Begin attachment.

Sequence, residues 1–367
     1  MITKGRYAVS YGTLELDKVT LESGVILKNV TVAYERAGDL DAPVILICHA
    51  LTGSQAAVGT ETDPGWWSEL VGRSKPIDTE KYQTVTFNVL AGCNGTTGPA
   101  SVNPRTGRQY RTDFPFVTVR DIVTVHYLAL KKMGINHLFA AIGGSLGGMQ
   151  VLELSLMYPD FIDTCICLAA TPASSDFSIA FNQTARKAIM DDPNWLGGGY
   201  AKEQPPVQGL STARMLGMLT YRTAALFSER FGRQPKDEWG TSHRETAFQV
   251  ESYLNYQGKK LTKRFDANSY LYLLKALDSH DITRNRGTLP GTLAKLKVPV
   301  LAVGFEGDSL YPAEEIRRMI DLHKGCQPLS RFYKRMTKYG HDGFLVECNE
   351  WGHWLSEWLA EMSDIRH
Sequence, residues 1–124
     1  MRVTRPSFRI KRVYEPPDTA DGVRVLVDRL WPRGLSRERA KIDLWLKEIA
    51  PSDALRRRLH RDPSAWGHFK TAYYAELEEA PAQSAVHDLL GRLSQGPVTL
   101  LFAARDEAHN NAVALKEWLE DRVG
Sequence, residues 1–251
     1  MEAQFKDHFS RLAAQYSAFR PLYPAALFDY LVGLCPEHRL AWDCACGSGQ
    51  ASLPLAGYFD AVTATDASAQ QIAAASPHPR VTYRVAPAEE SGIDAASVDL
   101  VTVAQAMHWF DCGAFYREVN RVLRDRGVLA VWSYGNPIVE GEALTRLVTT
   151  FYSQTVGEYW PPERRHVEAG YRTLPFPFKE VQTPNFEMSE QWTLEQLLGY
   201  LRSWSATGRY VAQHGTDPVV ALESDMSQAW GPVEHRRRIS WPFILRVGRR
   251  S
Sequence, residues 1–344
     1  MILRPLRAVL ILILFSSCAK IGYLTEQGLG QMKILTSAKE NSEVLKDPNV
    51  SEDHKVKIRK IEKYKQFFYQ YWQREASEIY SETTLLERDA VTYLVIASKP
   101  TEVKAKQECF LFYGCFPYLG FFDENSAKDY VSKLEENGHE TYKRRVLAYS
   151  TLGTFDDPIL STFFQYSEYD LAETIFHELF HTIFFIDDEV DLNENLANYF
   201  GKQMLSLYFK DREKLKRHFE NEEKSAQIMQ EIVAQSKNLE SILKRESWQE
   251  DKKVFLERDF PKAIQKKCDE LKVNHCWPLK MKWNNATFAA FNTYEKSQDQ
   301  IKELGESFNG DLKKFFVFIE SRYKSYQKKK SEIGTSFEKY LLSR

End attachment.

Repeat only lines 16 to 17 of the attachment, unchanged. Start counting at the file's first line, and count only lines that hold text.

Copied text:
    51  ASLPLAGYFD AVTATDASAQ QIAAASPHPR VTYRVAPAEE SGIDAASVDL
   101  VTVAQAMHWF DCGAFYREVN RVLRDRGVLA VWSYGNPIVE GEALTRLVTT